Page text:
Believe it or not, the NeoGeo AES also happened to be the first home console to implement memory card save technology. The prevailing justification for the concept was that players would become familiar with a new game on the MVS and subsequently want to continue their progress when the AES version came out. The memory card slot on the AES console was identical to the slot located on the front of every MVS cabinet. For $40, you could purchase a PCMCIA-style card that could store game saves and high scores for approximately 20 games. Unfortunately, the NeoGeo memory card never really caught on. Each card could only store roughly 2 kilobytes of data, which is pathetic even compared to the now-meager 128 kilobytes contained on a PSOne memory card, and relatively few games actually took advantage of the feature.
Soon after the NeoGeo AES was introduced, SNK launched an aggressive marketing campaign to promote the system. If you visited a video arcade or purchased an enthusiast gaming magazine back in the early 1990s, you couldn't help but notice the company's "weenie" ads, which asked prospective purchasers if they were happy playing on a plain weenie system, such as the Sega Genesis or NEC TurboGrafx, or whether they'd rather play on a full-blown hot dog with all of the trimmings, namely SNK's NeoGeo.
SNK soon followed up that campaign with its "Bigger, Badder, Better" ad blitz, which featured a menacing pitbull as its mascot. The dog, along with the words "Bigger, Badder, Better," appeared on the first page of a series of advertisements in a number of magazines. Once again, the goal of these advertisements was to convince wealthy game players that the Super NES and Genesis just weren't going to cut it anymore. Instead of comparing the competing consoles using a food analogy, as was done in the previous ad campaign, the pit bull ads simply laid out the hardware capabilities of each system in an easy-to-understand chart. The NeoGeo came out ahead in all categories.
The pit bull inserts also transformed one of SNK's game counselors into a cult celebrity. Inside the multi-page advertisements, the Game Lord (known to his friends as Chad Okada), would offer previews of upcoming games and provide tips about the games that were popular at the time. Okada soon became the company's unofficial "mascot," answering letters sent in by fans and appearing at industry trade shows such as the Consumer Electronics Show and the Electronic Entertainment Expo.
The pit bull campaign proved so popular that SNK ultimately decided to include the mascot on the quality-assurance seal that was printed on the outside of AES cartridge boxes. The company wasn't consistent in its implementation of the pit bull seal, however, and many games were released in variations with or without this "dog tag" embellishment. To compound matters, SNK dropped the pit bull altogether when the company switched to an outside PR firm with the release of Samurai Shodown II (around 1994). Today, collectors place a premium on packages that include the "dog tag" seal.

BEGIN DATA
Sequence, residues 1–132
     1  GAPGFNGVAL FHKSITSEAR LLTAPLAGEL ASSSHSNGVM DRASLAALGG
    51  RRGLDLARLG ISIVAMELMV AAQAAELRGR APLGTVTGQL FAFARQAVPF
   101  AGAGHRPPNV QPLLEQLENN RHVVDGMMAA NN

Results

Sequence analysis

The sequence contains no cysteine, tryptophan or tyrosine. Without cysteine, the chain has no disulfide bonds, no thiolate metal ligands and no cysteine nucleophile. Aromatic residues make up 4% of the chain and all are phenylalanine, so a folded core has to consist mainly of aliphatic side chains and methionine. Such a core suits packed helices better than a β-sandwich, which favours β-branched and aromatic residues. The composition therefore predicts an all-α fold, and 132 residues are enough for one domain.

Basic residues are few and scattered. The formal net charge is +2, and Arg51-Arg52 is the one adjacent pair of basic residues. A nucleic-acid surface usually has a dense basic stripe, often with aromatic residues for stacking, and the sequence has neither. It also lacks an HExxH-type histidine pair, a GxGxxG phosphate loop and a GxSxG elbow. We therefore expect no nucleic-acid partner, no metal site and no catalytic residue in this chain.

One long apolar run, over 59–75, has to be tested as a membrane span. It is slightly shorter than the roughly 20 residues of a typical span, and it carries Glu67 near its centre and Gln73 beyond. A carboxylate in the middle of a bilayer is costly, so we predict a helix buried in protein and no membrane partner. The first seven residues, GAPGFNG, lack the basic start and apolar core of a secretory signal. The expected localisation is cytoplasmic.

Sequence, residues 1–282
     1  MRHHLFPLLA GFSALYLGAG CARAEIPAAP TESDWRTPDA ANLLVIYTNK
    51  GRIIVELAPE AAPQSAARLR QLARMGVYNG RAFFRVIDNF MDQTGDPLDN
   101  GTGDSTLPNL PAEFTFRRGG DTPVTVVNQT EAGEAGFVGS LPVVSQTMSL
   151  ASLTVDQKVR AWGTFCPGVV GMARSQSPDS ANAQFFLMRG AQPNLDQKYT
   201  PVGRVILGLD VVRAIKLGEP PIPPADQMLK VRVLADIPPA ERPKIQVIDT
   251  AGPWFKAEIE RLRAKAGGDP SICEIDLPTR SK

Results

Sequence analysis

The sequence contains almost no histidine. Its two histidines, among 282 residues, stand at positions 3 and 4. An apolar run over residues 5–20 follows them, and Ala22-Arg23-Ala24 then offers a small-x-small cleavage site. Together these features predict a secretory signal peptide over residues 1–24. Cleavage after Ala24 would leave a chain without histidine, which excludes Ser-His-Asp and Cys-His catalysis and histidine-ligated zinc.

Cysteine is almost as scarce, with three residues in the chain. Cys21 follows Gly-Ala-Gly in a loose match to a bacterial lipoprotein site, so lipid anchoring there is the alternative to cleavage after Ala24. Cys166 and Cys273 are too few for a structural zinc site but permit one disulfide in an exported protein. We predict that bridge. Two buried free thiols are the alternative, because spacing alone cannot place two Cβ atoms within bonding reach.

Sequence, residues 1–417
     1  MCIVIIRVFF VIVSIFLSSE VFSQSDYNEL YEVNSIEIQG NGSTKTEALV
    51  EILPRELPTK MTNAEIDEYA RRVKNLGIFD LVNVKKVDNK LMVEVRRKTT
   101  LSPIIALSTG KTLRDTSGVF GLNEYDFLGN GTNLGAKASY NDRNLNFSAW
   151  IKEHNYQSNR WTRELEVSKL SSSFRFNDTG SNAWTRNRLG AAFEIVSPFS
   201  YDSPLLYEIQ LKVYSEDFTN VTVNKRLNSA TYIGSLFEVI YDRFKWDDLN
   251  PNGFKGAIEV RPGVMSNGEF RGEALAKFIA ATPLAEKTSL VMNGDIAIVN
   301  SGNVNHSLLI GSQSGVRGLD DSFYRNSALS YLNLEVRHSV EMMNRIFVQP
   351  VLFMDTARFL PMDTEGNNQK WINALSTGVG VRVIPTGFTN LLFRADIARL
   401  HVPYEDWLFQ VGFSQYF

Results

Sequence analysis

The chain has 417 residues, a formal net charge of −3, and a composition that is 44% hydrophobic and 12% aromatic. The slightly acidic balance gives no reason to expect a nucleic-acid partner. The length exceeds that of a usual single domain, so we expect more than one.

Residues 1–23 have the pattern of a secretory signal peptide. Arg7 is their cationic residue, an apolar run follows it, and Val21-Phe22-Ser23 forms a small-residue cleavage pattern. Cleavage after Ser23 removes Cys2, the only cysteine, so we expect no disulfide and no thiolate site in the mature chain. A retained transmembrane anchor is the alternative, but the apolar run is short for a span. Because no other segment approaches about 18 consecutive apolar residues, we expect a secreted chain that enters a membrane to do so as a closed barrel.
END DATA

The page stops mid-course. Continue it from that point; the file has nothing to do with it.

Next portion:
The Original Capcom vs. SNK
As popular as the NeoGeo MVS was in arcades, and as innovative as the AES was to home hobbyists, the biggest thing to happen to SNK in 1991 was Capcom's arcade release of Street Fighter II. Street Fighter II ignited the fighting game craze and once again gave people a compelling reason to shut off their home consoles and start spending their quarters at the arcade. Street Fighter II made its debut in April 1991.
SNK followed suit with a one-on-one fighting game of its own seven months later: Fatal Fury (known as Garou Densetsu in Japan) for the arcade MVS. The characters in Fatal Fury were comparable to those in Street Fighter II, as were the large sprite-based graphics. Fatal Fury even had something Capcom's game didn't: twin background planes that allowed you to take the fight into the background for dodge maneuvers and cross-screen attacks. Fatal Fury gave the NeoGeo AES console the "killer app" it needed, because while players would have to wait more than a year to play a watered-down version of Capcom's Street Fighter II on the Super NES console, they would only have to wait until December 1991 to bring home the arcade-identical AES version of Fatal Fury. Assuming that the whopper price of $250 wasn't an issue, of course.
Incidentally, many people have heard of SNK because of the popularity of the company's King of Fighters franchise, which didn't come along until 1994. What you may not realize, however, is that King of Fighters '94 technically isn't the first King of Fighters game. When Capcom introduced Street Fighter II in 1991, it was subtitled "The World Warrior." Not to be outdone, SNK gave Fatal Fury a subtitle too: "King of Fighters." SNK of Japan really loved the phrase and couldn't wait to title a game with it.